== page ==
• CESJ’s president, Norman Kurland, gave a presentation in Louisville, Kentucky, this past Saturday. The significance of the event for the Just Third Way is that the organization, “Descendants of American Slaves” (DAS), has informally committed itself to advancing the Just Third Way, particularly the enactment of a Capital Homestead Act at the earliest possible date. The DAS may have the “people power” that can advance the cause of economic justice for all, possibly by rallying numbers of people at the Federal Reserve on (or about) April 15, 2015, to push for the monetary and tax reforms essential to the implementation of a Capital Homestead Act. They appear to have an inherent understanding of the fact that you are either an owner, or are effectively owned by others: “Own or Be Owned.” The DAS may also wish to join in the effort to present the Just Third Way at the World Meeting of Families in Philadelphia, Pennsylvania, in September 2015 (below), where, if successful, key individuals and organizations will be introduced to the potential of the Just Third Way as applied in Capital Homesteading to solve the systemic problems that have undermined the integrity of all families throughout the world.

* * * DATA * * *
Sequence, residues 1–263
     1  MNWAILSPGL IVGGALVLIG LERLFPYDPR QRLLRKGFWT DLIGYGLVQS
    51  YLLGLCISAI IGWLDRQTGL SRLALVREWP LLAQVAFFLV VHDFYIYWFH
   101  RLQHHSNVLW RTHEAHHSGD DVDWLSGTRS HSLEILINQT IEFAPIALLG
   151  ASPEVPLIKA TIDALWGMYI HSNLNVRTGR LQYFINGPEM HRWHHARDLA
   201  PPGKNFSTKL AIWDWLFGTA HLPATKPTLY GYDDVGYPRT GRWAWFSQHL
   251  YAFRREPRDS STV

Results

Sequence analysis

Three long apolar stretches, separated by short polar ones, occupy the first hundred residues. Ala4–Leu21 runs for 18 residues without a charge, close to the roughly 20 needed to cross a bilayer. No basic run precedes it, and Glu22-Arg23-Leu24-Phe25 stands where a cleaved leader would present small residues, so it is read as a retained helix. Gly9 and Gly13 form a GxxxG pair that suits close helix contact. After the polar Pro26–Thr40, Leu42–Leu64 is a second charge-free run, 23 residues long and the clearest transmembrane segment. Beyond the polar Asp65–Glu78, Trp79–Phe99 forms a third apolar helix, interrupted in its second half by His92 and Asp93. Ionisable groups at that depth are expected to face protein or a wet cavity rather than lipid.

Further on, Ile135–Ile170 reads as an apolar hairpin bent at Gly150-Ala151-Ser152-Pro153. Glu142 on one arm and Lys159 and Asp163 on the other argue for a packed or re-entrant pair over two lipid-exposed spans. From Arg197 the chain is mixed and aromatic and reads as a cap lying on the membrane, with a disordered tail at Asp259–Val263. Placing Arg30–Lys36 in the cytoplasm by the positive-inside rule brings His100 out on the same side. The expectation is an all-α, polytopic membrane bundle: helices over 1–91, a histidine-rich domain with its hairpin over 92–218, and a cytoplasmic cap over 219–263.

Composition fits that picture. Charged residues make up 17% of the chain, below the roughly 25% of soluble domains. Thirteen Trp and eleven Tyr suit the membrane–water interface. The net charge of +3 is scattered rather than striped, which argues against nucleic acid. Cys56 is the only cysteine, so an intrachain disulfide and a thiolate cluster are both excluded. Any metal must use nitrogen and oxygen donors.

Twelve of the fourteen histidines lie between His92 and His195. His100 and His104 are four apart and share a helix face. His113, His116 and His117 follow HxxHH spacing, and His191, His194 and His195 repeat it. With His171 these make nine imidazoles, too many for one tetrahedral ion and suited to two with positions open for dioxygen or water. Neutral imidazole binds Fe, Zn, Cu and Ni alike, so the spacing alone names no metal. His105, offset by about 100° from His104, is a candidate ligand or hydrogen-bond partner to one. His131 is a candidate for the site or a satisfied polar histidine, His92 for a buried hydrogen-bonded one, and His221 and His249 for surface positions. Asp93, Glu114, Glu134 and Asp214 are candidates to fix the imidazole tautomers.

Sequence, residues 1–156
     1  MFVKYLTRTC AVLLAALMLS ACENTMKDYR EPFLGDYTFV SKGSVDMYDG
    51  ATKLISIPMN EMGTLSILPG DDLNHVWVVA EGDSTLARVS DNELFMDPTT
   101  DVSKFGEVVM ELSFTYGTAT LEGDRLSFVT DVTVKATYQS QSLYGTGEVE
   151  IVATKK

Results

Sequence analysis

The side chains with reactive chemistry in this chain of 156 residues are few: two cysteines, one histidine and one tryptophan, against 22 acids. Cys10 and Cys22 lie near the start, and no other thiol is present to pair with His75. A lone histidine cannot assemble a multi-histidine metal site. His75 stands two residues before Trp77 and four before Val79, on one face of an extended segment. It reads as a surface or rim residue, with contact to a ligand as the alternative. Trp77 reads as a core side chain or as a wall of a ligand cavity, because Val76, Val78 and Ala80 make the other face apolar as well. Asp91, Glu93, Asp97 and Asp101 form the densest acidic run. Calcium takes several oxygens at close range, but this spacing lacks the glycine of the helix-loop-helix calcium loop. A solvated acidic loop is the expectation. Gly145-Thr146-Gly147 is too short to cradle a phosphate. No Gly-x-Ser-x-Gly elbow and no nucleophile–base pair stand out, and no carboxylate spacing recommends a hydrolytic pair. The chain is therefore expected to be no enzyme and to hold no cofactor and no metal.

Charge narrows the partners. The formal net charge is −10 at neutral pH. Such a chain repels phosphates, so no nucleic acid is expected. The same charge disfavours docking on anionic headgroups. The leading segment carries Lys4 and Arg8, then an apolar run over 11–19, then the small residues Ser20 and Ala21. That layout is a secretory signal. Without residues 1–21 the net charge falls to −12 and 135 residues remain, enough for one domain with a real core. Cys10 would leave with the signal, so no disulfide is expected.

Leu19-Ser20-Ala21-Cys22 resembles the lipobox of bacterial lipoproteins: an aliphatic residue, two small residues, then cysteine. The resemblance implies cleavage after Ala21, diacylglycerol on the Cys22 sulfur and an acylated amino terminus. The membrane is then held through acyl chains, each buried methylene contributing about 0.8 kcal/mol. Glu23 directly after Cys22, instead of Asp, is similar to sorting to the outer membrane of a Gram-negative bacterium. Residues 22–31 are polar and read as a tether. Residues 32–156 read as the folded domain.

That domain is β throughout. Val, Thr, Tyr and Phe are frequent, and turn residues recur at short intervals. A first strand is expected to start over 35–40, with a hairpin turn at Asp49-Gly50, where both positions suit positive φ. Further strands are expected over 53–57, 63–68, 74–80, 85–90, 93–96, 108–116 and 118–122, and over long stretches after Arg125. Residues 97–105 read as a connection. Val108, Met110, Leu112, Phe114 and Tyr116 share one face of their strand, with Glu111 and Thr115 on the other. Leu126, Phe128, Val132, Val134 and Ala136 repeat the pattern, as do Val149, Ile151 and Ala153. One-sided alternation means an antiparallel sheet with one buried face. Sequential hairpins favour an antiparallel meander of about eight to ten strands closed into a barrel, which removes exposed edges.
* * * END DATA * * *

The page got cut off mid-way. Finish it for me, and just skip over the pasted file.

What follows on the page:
• Guy Stevenson, “the Fulton Sheen Guy,” will be a guest on the November 27, 2015 edition of Fiat TV’s “Hungry for More” show, hosted by Allan J. Smith. Full details can be found by following the link. Al says, “Looking forward to sharing a few stories with the Sheen ‘Guy’.”
• Sales of CESJ’s latest “Paradigm Paper,” The Political Animal: Economic Justice and the Sovereignty of the Human Person, are still doing well, with a small burst of sales this month. The Political Animal, like all CESJ publications, is available in bulk at substantial savings. With the 20% discount applicable to bulk sales (i.e., ten or more copies of a single title), a full case of 50 is $400, plus shipping. Enquire at “publications [at] cesj [dot] org” for details and cost of shipping bulk/wholesale orders. Individual copies are available now on Amazon, and on Barnes and Noble. Please note: CESJ does not sell retail.